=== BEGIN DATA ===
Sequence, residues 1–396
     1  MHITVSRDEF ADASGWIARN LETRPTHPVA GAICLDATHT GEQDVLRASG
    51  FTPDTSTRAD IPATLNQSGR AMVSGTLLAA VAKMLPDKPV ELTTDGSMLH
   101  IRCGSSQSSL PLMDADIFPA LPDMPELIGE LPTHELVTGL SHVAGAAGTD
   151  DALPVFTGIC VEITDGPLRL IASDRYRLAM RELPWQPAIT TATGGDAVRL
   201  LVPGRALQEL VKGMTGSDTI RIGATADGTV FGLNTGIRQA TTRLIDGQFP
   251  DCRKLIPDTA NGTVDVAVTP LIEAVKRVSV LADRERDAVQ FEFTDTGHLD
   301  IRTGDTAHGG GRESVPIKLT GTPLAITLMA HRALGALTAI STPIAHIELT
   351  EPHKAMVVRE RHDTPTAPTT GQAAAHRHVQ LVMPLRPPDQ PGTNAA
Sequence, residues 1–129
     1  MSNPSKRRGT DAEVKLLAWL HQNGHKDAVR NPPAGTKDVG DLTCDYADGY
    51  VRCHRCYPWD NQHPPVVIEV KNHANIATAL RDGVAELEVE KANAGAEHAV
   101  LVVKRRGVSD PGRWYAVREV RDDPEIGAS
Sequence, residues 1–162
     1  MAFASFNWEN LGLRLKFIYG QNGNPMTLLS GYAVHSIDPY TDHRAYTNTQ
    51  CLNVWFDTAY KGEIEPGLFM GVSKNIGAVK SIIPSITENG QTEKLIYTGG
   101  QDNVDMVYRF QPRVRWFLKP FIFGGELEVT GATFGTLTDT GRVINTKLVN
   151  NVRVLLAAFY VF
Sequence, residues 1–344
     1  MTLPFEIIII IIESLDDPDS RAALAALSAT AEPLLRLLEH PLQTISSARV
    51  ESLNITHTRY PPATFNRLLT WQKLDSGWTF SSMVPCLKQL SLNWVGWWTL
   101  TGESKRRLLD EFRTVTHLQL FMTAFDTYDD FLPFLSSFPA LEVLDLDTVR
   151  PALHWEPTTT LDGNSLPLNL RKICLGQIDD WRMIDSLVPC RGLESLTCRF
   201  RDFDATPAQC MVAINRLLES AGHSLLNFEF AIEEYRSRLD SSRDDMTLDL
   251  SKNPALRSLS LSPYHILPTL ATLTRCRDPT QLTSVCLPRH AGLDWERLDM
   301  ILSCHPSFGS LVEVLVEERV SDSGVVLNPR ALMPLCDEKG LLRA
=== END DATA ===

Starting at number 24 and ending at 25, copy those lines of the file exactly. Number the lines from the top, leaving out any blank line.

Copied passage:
   201  RDFDATPAQC MVAINRLLES AGHSLLNFEF AIEEYRSRLD SSRDDMTLDL
   251  SKNPALRSLS LSPYHILPTL ATLTRCRDPT QLTSVCLPRH AGLDWERLDM